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Jul 4, 2011 10:30am EDT
are engaged in today. these are officer cadets at eton, britain's most exclusive private school, drilling in 1915. now, one of the things that we have gotten accustomed to in this country in recent years -- vietnam, iraq, afghanistan -- is that they are fought mostly by the poor. there are very, very few among the dead and wounded in the those three wars who have been sons or daughters of ceos, senators, members of congress, anything like that. it was the exact opposite in the first world war. the death toll actually fell proportionately higher on the upper classes. and the main reason for that was that it was customary for sons of the upper classes, sons of the air strock rah si to have military careers. and i think a major reason for this is that armies are not only there to fight wars against other countries, they're there to maintain order at home. the 19th century was a very tumultuous time in europe, so was the early 20th century. many of the european armies were used to break strikes or the british army, you know, put down tenant farmer rebellions in ireland. and so, therefore, off
CSPAN
Jul 4, 2011 7:00am EDT
was always right. and an essential key, as with the idea that because britain and germany were both anglo-saxon races, that they would not go to work with one another. it's an absurdity needless to say until may levels, but basically because he himself had served in the trenches in the great war when they had fought one another. nonetheless, by the time to second world war broke out their only 46 operational u-boats against the united kingdom because he didn't believe he would ever ask have to fight the united kingdom by the end of the war through 463, most of them bottled up in the baltic. but if you start the second world war with as many u-boats as the fish would've been able to have strangled the united kingdom. and when one looks at the plans to invade the united kingdom, many of which were not even a great into september 1940, when really they should have been put in place since he came to power in january 1933. one appreciates how little he was expecting to have to attack. there is the infamous -- the list of 2820 britons who are going to be shot on sight, or at least when they wer
CSPAN
Jul 3, 2011 8:00pm EDT
. in a conversation what britain's prime minister, david cameron. this "q&a" week aren't a new book by scott miller. it tells the story of life in america. president william mckinley was shot by an assassin leon czolgosz. >> why did he decide to do a book on the assassination of william mckinley? >> i have been interested in this timeframe in the 18 eighties and the 1890's. it is a fascinating and important turning point. before then, you had a united states that would be recognized by the founding fathers. by the turn of the century, it is the america we would know it today. it is a tremendous patriotism in this time. it is very romantic. you look through american society and to see it. we think of the tycoons. it was a proliferation of new products. you'd be hard-pressed to go to a grocery store where you did not see projects came from this. ivory soap, pillsbury dough. the art really reflected this as well. john philip sousa was writing this. who was leon czolgosz? did he use a different name? >> he was the assassin. he had worked in a steel factory. he worked in the cleveland area. did the econ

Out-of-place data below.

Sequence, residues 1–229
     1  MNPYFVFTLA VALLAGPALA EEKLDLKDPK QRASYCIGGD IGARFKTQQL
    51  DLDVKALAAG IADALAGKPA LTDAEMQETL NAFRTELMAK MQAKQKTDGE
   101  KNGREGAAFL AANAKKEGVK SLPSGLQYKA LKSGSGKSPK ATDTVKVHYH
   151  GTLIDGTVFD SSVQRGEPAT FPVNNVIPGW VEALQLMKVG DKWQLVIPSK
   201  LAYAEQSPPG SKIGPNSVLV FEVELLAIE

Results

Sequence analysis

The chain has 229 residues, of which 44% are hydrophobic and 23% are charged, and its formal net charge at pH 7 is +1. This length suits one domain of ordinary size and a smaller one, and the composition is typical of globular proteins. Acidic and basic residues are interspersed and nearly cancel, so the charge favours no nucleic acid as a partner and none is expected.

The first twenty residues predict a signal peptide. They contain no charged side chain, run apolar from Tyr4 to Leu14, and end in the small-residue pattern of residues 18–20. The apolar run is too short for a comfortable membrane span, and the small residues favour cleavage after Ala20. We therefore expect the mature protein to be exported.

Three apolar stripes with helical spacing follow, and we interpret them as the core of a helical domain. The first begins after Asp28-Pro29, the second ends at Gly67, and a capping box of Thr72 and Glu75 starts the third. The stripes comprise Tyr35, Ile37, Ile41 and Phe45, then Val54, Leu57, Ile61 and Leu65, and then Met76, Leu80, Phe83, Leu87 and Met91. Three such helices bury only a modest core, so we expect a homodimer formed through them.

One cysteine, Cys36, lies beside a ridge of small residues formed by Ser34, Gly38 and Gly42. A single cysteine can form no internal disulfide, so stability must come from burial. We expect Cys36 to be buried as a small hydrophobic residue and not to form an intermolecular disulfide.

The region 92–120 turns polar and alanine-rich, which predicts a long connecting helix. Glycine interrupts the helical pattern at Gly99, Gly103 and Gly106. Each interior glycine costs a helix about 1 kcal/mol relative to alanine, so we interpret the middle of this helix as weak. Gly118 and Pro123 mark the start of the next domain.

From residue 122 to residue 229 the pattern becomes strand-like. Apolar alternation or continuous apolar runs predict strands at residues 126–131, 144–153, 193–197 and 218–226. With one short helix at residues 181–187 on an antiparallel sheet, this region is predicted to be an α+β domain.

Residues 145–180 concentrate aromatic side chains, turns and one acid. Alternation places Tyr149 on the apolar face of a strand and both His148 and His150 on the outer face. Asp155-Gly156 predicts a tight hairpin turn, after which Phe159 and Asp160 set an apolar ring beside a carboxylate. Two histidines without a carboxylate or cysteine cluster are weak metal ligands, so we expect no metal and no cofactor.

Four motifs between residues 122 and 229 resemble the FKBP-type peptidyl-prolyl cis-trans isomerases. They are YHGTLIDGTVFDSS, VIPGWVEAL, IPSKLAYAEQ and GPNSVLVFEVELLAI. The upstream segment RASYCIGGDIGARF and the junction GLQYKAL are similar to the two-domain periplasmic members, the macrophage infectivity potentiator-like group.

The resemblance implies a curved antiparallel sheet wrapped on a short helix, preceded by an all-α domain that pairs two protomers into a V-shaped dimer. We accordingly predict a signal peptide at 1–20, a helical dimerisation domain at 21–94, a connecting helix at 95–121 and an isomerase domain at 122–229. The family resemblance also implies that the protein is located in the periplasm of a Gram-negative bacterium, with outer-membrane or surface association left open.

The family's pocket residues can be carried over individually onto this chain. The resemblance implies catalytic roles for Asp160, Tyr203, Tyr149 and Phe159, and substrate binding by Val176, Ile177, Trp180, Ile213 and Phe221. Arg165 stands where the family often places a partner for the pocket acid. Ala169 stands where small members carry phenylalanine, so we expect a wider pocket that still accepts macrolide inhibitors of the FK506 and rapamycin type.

CSPAN
Jul 4, 2011 2:00pm EDT
of collapse, and it will not collapse. it is very much like britain and rome. if you look at the realms beaches in the senate, just before the empire, use the absolute predictions of catastrophe. that happened to. >> host: okay, so 10 years so now we'll come back and have this conversation. we will see how it worked out. >> guest: it will be the same conversation. >> host: thank you so much. it's been a great conversation today. >> guest: i enjoyed it. >> that was "after words," booktv signature program in which authors of latest nonfiction books are in the by journalists, public policymakers, legislators and others familiar with the material. "after words" airs every weekend on booktv at 10 p.m. on saturday, 12 and 9 p.m. on sunday and 12 a.m. on monday. you can also watch "after words" online. go to booktv.org and click on "after words" in the booktv series on the upper right side of the page. >> up next on booktv, investigative reporter annie jacobsen presents the history of the military base, area 51, which is located in the nevada desert. the author use of recently declassified doc
Search Results 0 to 3 of about 4